Court settles multi-million property dispute 16 years after owner’s death

Monday, October 12th, 2020 00:00 |
Mombasa Law Courts.

A High Court in Mombasa has finally ordered the distribution of multi-billion estate amongst five siblings, 16 years after the death of their father, a Mombasa tycoon Jaswant Singh Boor Singh Danjal. 

The court has ruled that an expeditious distribution of the vast estate among his five children.

 Lady Justice Mugure Thande directed that the administrators to Danjal estate proceed to distribute the 22 listed properties among the rightful beneficiary, the five children who have been in a bitter legal fight over who should be the administrator to their father’s vast estate. 

It also includes, prestigious tourist hotels, residential properties and trading companies.

 The late Danjal had left a multi-billion estate to his four sons and one daughter, Jaspal Kaur Nagi, Sukhwant Kaur Kundi, Joginder Singh Dhanjal, Surjit Singh Jaswant Dhanjal and Daljit Singh Dhanjal.

 The deceased also left behind his three brothers Dalip Singh Dhanjal, Narinder Singh Dhanjal and Baldev Singh Dhanjal with who they shared companies that owned several properties in common.

 “There is a confirmed grant herein. The administrators are directed to proceed expeditiously with the distribution of the undisputed properties as set in the certificate of confirmation of grant dated June 14 2019,” ruled Justice Thande.

 In addition it was ordered that since the demise of the said the tycoon in 2004 and issuance of the initial and subsequent grants the estate is yet to be distributed among the beneficiaries.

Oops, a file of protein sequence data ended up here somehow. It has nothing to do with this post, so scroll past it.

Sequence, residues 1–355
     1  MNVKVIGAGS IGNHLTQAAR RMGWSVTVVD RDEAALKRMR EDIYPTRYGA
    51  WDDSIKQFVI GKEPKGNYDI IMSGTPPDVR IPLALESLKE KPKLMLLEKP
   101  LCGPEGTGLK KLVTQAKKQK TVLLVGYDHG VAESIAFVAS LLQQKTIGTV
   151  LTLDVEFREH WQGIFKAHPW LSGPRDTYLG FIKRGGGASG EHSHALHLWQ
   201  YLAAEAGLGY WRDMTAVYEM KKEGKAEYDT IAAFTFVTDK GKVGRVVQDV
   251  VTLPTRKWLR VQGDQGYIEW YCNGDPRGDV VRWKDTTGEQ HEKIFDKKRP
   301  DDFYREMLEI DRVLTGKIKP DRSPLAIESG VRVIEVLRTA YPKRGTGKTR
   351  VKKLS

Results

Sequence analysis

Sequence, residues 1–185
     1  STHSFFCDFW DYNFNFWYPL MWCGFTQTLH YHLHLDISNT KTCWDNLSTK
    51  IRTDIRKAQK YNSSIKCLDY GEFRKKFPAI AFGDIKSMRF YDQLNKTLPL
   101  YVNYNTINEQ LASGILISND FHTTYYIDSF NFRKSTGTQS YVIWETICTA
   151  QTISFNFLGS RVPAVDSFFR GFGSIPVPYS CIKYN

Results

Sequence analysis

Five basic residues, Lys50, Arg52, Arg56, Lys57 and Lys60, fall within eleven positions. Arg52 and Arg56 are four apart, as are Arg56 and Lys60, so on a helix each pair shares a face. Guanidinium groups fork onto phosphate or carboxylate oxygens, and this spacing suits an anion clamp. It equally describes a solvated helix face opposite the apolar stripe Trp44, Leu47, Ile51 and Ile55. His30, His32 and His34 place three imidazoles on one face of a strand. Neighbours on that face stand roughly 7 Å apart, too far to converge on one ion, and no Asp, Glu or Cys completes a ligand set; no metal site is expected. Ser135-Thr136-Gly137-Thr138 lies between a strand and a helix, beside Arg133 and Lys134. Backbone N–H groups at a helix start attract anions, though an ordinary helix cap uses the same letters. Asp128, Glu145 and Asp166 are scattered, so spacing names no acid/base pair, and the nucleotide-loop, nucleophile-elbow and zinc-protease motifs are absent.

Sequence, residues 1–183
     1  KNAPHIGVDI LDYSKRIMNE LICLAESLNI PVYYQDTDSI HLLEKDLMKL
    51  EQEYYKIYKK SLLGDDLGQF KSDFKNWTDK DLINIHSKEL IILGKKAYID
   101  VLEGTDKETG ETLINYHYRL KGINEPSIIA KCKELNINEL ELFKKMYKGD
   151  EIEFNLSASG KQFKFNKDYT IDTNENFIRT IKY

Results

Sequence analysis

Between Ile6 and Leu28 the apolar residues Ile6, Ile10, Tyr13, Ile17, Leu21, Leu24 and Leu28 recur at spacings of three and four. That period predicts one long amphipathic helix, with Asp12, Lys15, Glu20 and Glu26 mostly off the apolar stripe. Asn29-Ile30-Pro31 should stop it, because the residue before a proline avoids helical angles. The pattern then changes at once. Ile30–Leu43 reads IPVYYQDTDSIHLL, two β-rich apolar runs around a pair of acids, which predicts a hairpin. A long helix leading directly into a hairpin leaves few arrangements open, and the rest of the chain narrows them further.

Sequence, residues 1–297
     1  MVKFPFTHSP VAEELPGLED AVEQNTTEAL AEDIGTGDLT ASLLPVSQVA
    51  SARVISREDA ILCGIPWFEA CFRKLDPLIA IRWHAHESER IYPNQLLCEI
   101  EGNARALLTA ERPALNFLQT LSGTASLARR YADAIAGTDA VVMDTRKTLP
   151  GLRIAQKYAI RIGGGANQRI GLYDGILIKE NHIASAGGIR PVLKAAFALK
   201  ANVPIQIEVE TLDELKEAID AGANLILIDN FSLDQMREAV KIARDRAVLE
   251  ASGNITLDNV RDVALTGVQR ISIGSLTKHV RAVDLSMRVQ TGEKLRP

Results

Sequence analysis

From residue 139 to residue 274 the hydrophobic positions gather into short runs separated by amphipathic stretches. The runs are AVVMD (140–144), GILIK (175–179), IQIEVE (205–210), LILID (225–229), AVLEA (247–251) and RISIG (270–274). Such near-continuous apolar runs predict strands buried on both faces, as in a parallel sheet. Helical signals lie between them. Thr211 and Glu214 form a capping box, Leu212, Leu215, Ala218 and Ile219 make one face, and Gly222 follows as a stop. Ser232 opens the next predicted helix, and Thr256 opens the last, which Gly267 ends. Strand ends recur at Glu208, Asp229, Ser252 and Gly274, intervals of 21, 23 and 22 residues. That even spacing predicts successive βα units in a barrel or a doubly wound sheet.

The Judge further directed the administrators to confine the distribution to the properties belonging to the estate of the late Danjal and make a distinction between properties owned by the deceased and those owned by companies where he was a director.

 Adding to that, the judge said that administration of any estate will only and subsequent grant full access where there is cooperation amongst all parties concerned.

  Thande noted that continued filing of application upon application in court; the deriving of any benefit from the estate by beneficiaries will further be further delayed.

 “The consequence of this is that the hostility among the children of the deceased will continue to fester.

Further, the beneficiaries, particularly Jaspal who has stated that she has been unwell and requires funds for her medical care will continue to suffer need, notwithstanding that the deceased left a vast estate,” said Justice Thande.

 Jaspal said that in spite of her being ill and in desperate need for funds for her medical care, the administrators   have not distributed the monies to the beneficiaries as ordered by the court.

 She said that her brother Joginder misled her to believe that he would bring the dispute to an amicable conclusion and accused him of delaying the matter and interfering with the estate and thus unfit to continue as administrators.

 However, Sukwant and Joginder said Nirmal’s application was frivolous, scandalous and an abuse of court process and waste of judicial time as he was relying on nullified settlement agreement.

 Sukwant said that Nirmal had participated in the succession matter when the settlement agreement was nullified.

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